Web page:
Brazil joins the Copenhagen Declaration

On 22 April 2021, Brazil became the 35th state to support the Copenhagen Declaration. The special occasion was celebrated with a widely attended digital signing ceremony that was arranged by the Norwegian Ministry of Foreign Affairs in collaboration with the Ministry of Fisheries and Seafood and UNDP. 

The special event included high level remarks by:

The Ministers’ Declaration on Transnational Organised Crime in the Global Fishing Industry – or the Copenhagen Declaration – was first initiated by the Norwegian government in 2018. It is currently being operationalized through various capacity building initiatives under the Norwegian Blue Justice Initiative. 

With Brazil’s accession, the Declaration has a total of 35 signatories around the world – making it a powerful instrument to gather momentum in the fight against organized fisheries crime globally. It also marks the increased focus on fisheries crime in the Latin American region in particular, where signatories now include a total of 9 countries: Chile, Costa Rica, Colombia, Honduras, Mexico, Nicaragua, Panama and Uruguay.

“Brazil is a large and significant ocean nation with the 10th largest economic zone in the world. It is therefore a very great pleasure that the country is now joining the Declaration,”

Minister of Fisheries and Seafood Odd Emil Ingebrigtsen.
The event brought together close to 100 participants from around the world.

Transnational crimes in the fisheries sector, including human trafficking, corruption, large-scale illegal fishing and tax crime, contribute to food insecurity, human rights violations, and loss of state revenue. Digital technology is now offering new opportunities to collaborate effectively across state-borders to tackle these issues. 

UNDP is supporting Norway through the management of the Blue Justice Community, a unique digital system to facilitate secure global interaction to combat organized crime in the fisheries sector. The platform was used during the signing ceremony for Brazil and offered the public a first glimpse into the many functions of the Blue Justice Community. 

“We are delighted to join the Copenhagen Declaration. We look forward to working with governments across the world in using the digital Bule Justice Community technology to jointly fight fisheries crime”

Jorge Seif Junior, Brazilian Secretary of Aquaculture and Fisheries.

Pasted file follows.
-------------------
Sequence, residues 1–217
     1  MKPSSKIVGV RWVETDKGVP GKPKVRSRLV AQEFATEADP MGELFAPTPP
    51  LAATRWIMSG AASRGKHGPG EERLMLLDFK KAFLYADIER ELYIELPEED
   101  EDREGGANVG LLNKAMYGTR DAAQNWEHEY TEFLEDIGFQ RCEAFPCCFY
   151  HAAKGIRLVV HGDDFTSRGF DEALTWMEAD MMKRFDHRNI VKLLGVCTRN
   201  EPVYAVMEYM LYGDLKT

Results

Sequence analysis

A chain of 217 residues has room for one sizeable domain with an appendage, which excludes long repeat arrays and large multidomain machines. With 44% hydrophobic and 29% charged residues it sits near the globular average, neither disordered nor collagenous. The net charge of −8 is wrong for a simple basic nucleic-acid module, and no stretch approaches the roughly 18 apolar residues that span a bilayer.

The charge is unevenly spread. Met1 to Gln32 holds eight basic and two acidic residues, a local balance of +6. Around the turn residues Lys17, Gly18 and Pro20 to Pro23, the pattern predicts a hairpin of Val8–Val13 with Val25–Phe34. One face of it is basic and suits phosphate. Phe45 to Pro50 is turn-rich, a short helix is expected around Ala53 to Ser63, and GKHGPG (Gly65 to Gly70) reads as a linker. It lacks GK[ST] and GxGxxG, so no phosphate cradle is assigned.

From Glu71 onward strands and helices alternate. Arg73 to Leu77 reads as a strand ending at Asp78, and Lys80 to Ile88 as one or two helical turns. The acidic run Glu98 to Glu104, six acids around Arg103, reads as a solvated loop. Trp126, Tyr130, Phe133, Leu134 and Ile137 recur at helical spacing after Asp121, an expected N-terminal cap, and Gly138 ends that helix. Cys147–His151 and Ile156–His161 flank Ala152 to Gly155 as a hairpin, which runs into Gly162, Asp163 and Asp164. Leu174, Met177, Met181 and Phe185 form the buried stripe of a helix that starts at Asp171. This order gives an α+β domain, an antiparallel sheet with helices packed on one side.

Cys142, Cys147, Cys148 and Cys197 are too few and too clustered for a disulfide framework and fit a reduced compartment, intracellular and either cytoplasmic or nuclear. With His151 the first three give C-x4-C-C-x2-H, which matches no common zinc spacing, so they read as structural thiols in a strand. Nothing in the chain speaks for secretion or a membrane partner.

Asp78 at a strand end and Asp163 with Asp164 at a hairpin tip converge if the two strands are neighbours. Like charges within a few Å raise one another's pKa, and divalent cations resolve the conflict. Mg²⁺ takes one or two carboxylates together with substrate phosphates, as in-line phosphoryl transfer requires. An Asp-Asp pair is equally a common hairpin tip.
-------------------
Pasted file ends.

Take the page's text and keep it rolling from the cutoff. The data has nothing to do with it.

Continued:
The Brazilian Secretary was not alone in underscoring the importance of technology and its value in the fight against organized fisheries crime. In a statement prior to the event, Camilla Brückner, Director of UNDP’s Nordic Representation Office, comments:  

“UNDP, through its Blue Resilience project, is pleased to be part of the Norwegian digital platform that harnesses technology to support governments to cooperatively fight fisheries crime. This will ensure progress towards a sustainable Blue Economy and meeting the UN sustainable development goals.”

Camilla Brückner, Director of UNDP’s Nordic Representation Office

New and innovative digital solutions such as the Blue Justice Community offer countries a unique opportunity to join forces in addressing fisheries crime and its related social, economic, and environmental challenges. The platform is thus an example of Norway’s increased focus on digital solutions in their development policy. 

“We must explore all avenues to ensure that developing countries also get a share of the opportunities offered by innovation and digitalization, which gives the countries the opportunity to skip development stages. We know that fishing crime has a negative impact on food security and the livelihoods of vulnerable coastal populations. Therefore, this digital platform is an important tool”

Minister of International Development Dag-Inge Ulstein in a statement prior to the event.

The special event successfully brought together close to a 100 experts, researchers and government representatives from around the world. Invited panelists included: 

The event was moderated by Gunnar Stølsvik, Specialist Director at the Ministry of Trade, Industry and Fisheries, and Marit Svälas, Blue Justice Community Portal Manager at UNDP’s Nordic Office. A recording of the event will be made available here shortly.